It states the obvious to note the ubiquity of the global internet in contemporary society. Today some 5.5 billion people worldwide (70 percent of humanity) are regular users of this global communications network. Individuals now spend on average nearly 7 hours per day online. How people are governed in this virtual sphere therefore has far-reaching implications for human existence in the twenty-first century.
Given this significance, the KHK/Centre for Global Cooperation Research emphasises global internet governance as one of its focal policy fields. Since 2018 a regular flow of research fellows has joined several of our core staff in exploring the varied and often distinctive forms of global cooperation in the internet arena. Important scientific and policy contributions have resulted, including several books released and forthcoming in our Routledge Global Cooperation Series.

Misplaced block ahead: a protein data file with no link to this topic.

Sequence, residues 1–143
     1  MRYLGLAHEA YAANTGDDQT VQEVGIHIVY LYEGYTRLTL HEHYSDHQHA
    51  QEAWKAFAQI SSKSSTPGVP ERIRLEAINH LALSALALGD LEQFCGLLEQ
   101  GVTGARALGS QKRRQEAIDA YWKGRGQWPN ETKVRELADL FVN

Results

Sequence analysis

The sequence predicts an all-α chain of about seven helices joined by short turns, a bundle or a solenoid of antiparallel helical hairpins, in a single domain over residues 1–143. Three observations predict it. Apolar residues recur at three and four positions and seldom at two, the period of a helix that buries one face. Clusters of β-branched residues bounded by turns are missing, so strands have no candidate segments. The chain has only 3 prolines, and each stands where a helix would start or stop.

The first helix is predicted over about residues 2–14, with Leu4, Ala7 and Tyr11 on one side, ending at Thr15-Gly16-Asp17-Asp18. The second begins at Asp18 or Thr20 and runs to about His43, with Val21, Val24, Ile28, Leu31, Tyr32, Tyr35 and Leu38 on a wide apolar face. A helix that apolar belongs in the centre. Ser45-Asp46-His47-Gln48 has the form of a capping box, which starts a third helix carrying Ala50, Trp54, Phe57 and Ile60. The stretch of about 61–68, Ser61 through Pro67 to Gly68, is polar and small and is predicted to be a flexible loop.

This Special Issue of the Centre’s Global Cooperation Research – A Quarterly Magazine adds to this work with a set of provocative essays on the hotly contested subject of ‘Unity and Diversity in Global Internet Governance’. In a word: how far do we want the global internet to be singular and unified or plural and fragmented? Our contributing authors enter this debate from different parts of the world (Africa, the Americas, Asia, and Europe), different academic disciplines (international relations, law, politics, sociology), different theoretical positions (from liberal to postcolonial), and different substantive problems (from blockchain to misinformation).
In addition to this special thematic section, this issue of the Quarterly Magazine also includes regular features covering the Centre’s recent and forthcoming events, new fellows, and recent publications.
We wish you a good read!
Sigrid Quack is the Managing Director of the Käte Hamburger Kolleg/Centre for Global Cooperation Research (KHK/GCR21) and Professor of Sociology at the University of Duisburg-Essen. She can be reached at email@example.com.